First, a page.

Trapping is the most effective means of rat control. But it is only effective after the whole house has been rat-proofed: that is, all possible rat entry holes have been sealed shut with steel repairs. It is pointless to begin a rat trapping program if the house has not been sealed shut. First of all, new rats will continue to enter the house indefinitely as long as they can find open entry holes. Second of all, it is far easier to trap rats once those holes have been sealed shut. Rats are creatures of habit, travelling the same pathways over and over again - like rats in a maze! Once their normal exit/entry holes into the house have been sealed, they change their behavior and seek alternate territory, and seek alternate food. They are far easier to trap at that time. But what type of trap to use? You can purchase several styles and designs of rat trap. There are many types of snap traps, electricution traps, live cage traps, repeating live traps, glue traps, and so on. This site is focused on humane treatment of animals and effective solutions to problems. There is no way to humanely trap rats in live traps. If you block them out of your house, they are done for. They will not survive more than a few days outside, and will be eaten by predators. So it's pointless to live-trap them. It's also incredibly inhumane to use glue boards. Read about inhumane glue boards. The best trap is actually the old standard wooden snap trap. I prefer Victor brand. I have tested over 14 types of rat traps so far, and nothing is as effective as these original wooden snap traps. They can be set in high numbers, on the rat runways, the flat bottom holds them steady in insulation, and the pan tension can be adjusted to hair trigger. Nothing is better. Remember, the key to successful trapping is in sealing shut the house first, then in placing the traps directly on the rat runways second. Bait is of least concern - peanut butter, or a variety of foods, work fine. You actually don't need any bait at all. Read more about rat trapping and about the best type of rat bait.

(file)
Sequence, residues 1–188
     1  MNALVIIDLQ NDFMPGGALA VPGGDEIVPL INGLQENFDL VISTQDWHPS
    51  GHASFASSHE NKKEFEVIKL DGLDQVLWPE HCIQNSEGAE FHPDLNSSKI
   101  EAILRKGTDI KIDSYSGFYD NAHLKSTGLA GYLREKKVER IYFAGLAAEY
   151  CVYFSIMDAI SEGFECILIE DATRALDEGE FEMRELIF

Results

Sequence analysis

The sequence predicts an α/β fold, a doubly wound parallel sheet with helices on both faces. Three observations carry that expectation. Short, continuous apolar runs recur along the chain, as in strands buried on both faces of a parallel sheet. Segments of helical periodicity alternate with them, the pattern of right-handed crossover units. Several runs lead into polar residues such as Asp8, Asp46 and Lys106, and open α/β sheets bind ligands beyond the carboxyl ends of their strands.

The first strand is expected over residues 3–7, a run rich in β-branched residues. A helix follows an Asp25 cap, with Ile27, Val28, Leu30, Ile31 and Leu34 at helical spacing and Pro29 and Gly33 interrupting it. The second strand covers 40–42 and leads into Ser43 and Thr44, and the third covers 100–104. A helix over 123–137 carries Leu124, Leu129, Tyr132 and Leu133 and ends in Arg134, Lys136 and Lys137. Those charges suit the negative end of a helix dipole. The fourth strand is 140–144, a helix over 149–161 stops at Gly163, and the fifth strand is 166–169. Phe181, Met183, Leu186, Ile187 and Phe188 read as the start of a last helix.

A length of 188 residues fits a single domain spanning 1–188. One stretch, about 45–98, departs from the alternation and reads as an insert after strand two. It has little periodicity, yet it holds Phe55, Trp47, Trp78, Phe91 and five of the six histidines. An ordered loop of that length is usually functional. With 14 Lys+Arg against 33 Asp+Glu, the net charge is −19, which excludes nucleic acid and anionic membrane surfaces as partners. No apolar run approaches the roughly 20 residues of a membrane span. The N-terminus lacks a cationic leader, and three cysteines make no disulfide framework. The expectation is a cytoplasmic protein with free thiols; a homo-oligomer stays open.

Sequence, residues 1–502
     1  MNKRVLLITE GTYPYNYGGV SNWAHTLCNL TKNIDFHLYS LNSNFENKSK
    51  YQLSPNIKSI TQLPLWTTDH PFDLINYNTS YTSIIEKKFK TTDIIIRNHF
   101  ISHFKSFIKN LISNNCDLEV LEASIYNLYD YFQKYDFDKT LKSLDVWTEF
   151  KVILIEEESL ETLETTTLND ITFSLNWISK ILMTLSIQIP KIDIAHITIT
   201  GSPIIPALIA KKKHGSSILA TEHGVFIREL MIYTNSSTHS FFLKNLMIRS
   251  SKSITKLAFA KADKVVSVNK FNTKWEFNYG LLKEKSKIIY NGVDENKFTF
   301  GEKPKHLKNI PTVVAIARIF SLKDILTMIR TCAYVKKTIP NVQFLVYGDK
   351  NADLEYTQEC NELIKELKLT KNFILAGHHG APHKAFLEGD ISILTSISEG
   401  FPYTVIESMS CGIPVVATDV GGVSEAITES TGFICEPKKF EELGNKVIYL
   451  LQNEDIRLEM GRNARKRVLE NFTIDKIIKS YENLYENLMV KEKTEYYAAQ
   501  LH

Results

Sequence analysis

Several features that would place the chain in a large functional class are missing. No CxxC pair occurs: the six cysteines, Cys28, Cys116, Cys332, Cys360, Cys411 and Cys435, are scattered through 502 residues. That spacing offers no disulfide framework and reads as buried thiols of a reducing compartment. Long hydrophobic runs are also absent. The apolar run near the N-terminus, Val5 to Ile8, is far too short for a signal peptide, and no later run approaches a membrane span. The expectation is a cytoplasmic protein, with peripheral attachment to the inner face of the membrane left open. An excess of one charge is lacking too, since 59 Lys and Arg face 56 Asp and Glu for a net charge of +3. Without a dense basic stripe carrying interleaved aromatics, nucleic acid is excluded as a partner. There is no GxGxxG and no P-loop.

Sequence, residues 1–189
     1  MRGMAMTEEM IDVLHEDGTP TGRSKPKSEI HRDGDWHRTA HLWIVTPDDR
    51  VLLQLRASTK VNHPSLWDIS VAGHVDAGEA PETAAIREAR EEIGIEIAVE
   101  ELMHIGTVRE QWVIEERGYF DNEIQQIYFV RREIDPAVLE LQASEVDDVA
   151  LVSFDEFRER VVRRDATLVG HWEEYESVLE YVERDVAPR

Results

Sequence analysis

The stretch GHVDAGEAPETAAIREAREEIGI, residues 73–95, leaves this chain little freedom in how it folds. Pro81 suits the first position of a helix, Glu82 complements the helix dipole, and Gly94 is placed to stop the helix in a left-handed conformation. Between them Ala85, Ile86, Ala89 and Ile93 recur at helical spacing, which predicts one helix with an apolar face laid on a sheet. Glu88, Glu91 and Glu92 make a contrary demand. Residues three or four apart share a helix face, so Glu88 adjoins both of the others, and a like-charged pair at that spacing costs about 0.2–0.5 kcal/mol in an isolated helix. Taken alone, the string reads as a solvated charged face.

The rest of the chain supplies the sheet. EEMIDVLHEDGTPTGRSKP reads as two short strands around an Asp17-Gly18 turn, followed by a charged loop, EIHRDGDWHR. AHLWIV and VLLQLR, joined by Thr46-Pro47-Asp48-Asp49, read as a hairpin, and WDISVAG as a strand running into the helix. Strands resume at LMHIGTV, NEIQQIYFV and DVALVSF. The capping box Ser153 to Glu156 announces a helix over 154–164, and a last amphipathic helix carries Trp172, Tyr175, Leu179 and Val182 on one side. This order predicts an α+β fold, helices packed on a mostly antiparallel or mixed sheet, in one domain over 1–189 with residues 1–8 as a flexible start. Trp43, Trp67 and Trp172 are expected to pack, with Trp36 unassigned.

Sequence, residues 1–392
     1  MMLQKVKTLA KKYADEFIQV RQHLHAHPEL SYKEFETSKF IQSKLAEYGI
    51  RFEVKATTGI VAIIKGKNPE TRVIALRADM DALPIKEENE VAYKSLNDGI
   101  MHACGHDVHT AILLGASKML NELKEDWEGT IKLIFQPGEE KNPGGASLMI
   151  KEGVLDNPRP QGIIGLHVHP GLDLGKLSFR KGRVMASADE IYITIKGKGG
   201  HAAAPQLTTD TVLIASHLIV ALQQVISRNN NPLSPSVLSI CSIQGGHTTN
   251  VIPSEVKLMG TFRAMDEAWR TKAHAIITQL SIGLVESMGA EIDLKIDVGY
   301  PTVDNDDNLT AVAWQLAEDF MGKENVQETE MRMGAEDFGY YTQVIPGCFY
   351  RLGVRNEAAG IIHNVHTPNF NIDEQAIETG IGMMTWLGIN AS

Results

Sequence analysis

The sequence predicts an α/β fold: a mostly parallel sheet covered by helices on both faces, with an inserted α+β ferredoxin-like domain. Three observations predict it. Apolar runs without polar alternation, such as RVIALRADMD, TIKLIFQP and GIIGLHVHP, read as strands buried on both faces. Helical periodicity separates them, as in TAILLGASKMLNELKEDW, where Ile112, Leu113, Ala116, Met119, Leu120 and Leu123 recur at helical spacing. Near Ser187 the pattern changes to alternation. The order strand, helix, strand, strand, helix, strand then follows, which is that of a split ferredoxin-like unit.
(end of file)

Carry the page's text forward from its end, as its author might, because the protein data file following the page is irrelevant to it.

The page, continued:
Location is key - inspect inside the attic for rat paths - runways and tunnels in the insulation, marked with droppings. Set the traps in these areas of high activity.
I've tested at least a dozen different types of rat trap in my career, and absolutely nothing is more effective than the old standard wooden trap with the yellow trip pan.
Yes, you can set traps near the primary entry hole into the house if you want. I rarely do this, because it's better to just seal the holes, but it can be an option.
Rat Trapping Tip #1 Don't bother to set traps until every last entry hole into the building is sealed shut first. If openings remain, trapping is futile, and will never end.
Rat Trapping Tip #2 Use the original wooden Victor snap traps - there are two varieties, one with a small metal trip pan and one with a large yellow plastic trip pan. Use the yellow plastic one. It has a higher catch rate and can be set more easily, with hair-trigger sensitivity.
Rat Trapping Tip #3 Bait the traps with peanut butter, smeared on the yellow pan. But truth be told, if you set the traps in the right location, you don't even need bait. But it does help a bit.
Rat Trapping Tip #4 Set the traps in areas of high rat activity - it's easy to spot in the attic. Just set the traps amidst all the droppings and rat paths you see.
Rat Trapping Tip #5 Check the traps often, at least every other day. This will keep you apprised of how the rat control project is going. In addition, you don't want to leave a dead rat on a trap for too long, because it will start to decompose and attract flies and cause a tremendous odor.
Rat Trapping Tip #6 You can stop trapping after you catch no more rats and hear no more noise. If you've sealed the house properly, you will catch all the rats within 3 days or less. If you failed to seal fully, then you'll keep hearing rat noise, which means you've got to inspect again and find the rat entry.
Trapping rats in the attic. Remember, do not set cage traps inside the attic. Mount traps to the entry/exit holes, or set cage traps bolted on the roof, in the shade. But the best strategy of all is to not even trap the rats at all! The use of a one-way exclusion door is usually the best, the easiest, and the most humane method. You can trap rats in the attic if you follow the correct approach. Best of luck!